U.S. natural gas futures rose almost 4% on Thursday to a near two-week high on forecasts for colder weather and higher heating use over the next two weeks, and as record gas prices in Europe and Asia keep demand for U.S. liquefied natural gas (LNG) exports strong.
That price increase came despite near record U.S. gas production and ahead of a federal report expected to show mild weather last week, enabling utilities to remove less gas from storage than is usual for this time of the year.
Analysts forecast U.S. utilities pulled 86 billion cubic feet (bcf) of gas from storage during the week ended Dec. 10. That compares with a decline of 118 bcf in the same week last year and a five-year (2016-2020) average decline of 114 bcf.
If correct, last week’s withdrawal would reduce stockpiles to 3.419 trillion cubic feet (tcf), which would be 1.8% below the five-year average of 3.481 tcf for this time of the year.
Looking ahead, many analysts said milder-than-normal weather in December will cause U.S. utilities to leave enough gas in storage to allow stockpiles to reach above-normal levels in a week or two, the first above-normal storage levels since April.
Front-month gas futures rose 14.1 cents, or 3.7%, to $3.943 per million British thermal units (mmBtu) at 6:34 a.m. EST (1134 GMT), putting the contract on track for its highest close since Dec. 3.
Global gas prices have soared to all-time highs over the last few months as utilities around the world scrambled for LNG cargoes to replenish low stockpiles in Europe and meet surging demand in Asia, where energy shortfalls caused power blackouts in China.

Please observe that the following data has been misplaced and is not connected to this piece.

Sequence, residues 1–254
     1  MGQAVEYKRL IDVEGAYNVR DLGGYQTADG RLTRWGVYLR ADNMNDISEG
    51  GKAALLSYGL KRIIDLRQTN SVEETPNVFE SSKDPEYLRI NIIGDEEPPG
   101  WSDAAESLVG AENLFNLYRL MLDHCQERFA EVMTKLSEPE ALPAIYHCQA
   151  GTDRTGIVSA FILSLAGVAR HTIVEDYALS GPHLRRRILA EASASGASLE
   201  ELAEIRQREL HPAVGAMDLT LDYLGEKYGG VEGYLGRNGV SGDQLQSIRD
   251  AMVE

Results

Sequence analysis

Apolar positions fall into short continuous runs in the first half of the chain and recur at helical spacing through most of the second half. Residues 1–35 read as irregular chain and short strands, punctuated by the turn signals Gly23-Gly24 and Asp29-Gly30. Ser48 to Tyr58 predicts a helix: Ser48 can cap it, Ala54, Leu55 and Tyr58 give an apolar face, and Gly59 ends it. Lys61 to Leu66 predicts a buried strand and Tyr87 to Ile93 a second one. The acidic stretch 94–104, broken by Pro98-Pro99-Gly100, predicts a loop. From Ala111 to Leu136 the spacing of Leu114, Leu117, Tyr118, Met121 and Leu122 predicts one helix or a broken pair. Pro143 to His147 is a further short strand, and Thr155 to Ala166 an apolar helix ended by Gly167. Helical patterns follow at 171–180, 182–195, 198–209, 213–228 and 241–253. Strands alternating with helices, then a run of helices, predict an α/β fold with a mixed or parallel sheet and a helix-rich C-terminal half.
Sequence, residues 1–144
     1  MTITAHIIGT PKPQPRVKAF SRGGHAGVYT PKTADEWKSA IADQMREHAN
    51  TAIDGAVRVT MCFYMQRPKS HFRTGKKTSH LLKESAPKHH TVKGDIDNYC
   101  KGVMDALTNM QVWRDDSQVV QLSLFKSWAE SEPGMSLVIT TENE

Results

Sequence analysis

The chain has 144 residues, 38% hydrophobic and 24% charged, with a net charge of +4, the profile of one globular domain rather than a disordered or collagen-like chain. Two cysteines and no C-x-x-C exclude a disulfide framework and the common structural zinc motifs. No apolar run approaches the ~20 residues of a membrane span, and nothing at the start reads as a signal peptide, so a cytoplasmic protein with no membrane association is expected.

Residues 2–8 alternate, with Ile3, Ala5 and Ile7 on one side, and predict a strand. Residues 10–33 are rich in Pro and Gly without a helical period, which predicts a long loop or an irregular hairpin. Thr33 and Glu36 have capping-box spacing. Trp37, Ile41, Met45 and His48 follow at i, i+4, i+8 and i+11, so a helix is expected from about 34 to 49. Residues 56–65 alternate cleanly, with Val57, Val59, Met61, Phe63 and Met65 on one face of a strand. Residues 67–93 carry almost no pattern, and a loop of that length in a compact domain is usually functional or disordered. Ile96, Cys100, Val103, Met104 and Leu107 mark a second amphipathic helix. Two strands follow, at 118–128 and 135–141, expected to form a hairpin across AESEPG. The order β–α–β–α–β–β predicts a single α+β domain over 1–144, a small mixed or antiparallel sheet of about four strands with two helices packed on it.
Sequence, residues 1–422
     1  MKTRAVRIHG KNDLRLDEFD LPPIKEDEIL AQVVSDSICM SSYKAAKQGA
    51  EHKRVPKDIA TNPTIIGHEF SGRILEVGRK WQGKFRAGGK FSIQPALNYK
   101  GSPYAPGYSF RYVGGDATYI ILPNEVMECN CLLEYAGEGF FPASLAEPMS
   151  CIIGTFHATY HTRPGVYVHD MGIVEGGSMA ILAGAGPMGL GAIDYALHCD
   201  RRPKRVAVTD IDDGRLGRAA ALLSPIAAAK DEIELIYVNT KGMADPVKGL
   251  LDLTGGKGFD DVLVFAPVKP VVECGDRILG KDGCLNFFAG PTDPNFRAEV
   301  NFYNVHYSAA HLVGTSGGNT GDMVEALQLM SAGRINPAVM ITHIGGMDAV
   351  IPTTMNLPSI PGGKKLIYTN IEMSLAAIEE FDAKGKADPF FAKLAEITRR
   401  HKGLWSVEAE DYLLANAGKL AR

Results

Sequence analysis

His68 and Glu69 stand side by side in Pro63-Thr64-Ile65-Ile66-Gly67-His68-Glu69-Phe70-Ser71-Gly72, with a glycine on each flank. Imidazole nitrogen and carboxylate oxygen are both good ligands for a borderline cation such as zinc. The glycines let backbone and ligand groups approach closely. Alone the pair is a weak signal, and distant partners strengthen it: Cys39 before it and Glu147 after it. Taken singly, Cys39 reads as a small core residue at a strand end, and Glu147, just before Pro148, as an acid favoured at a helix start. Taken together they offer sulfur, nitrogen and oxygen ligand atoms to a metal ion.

U.S. futures jumped to a 12-year high over $6 per mmBtu in early October, but have retreated because the United States has plenty of gas in storage and ample production for winter. Overseas prices were trading about 11 times higher than U.S. futures.
Analysts have said European inventories were about 20% below normal for this time of year, compared with just 3% below normal in the United States.
Data provider Refinitiv said output in the U.S. Lower 48 states has averaged 96.56 billion cubic feet per day (bcfd) so far in December, just over November’s monthly record of 96.54 bcfd.
Refinitiv projected average U.S. gas demand, including exports, would jump from 109.4 bcfd this week to 118.8 bcfd next week as the weather turns seasonally colder. The forecast for next week was higher than Refinitiv’s outlook on Wednesday.
The amount of gas flowing to U.S. LNG export plants has averaged 11.8 bcfd so far in December, now that the sixth train at Cheniere Energy Inc’s Sabine Pass plant in Louisiana is producing LNG. That compares to 11.4 bcfd in November and a monthly record of 11.5 bcfd in April.
This month’s record-setting LNG feed gas came despite reductions this week at Sabine Pass and Freeport LNG’s export plant in Texas.
With gas prices around $44 per mmBtu in Europe and $43 in Asia, compared with about $4 in the United States, traders said buyers around the world would keep purchasing all the LNG the United States can produce.